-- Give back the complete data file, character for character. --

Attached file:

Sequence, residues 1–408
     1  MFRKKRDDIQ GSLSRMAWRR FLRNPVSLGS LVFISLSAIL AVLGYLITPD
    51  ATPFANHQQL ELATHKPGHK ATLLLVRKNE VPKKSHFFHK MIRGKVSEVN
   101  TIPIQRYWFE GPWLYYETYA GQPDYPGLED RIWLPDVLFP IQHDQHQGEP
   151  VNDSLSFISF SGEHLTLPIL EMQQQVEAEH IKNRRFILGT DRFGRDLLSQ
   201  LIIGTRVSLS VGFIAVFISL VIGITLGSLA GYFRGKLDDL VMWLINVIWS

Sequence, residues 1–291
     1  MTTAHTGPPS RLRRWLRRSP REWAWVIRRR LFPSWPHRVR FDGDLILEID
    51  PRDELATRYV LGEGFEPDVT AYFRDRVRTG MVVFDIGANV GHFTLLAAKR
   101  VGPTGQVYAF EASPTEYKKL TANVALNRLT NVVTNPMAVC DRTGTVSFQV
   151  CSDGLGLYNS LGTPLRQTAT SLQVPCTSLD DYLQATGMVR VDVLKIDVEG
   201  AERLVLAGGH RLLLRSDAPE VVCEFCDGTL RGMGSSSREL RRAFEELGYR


Sequence, residues 1–408
     1  MFRKKRDDIQ GSLSRMAWRR FLRNPVSLGS LVFISLSAIL AVLGYLITPD
    51  ATPFANHQQL ELATHKPGHK ATLLLVRKNE VPKKSHFFHK MIRGKVSEVN
   101  TIPIQRYWFE GPWLYYETYA GQPDYPGLED RIWLPDVLFP IQHDQHQGEP
   151  VNDSLSFISF SGEHLTLPIL EMQQQVEAEH IKNRRFILGT DRFGRDLLSQ
   201  LIIGTRVSLS VGFIAVFISL VIGITLGSLA GYFRGKLDDL VMWLINVIWS

Sequence, residues 1–291
     1  MTTAHTGPPS RLRRWLRRSP REWAWVIRRR LFPSWPHRVR FDGDLILEID
    51  PRDELATRYV LGEGFEPDVT AYFRDRVRTG MVVFDIGANV GHFTLLAAKR
   101  VGPTGQVYAF EASPTEYKKL TANVALNRLT NVVTNPMAVC DRTGTVSFQV
   151  CSDGLGLYNS LGTPLRQTAT SLQVPCTSLD DYLQATGMVR VDVLKIDVEG
   201  AERLVLAGGH RLLLRSDAPE VVCEFCDGTL RGMGSSSREL RRAFEELGYR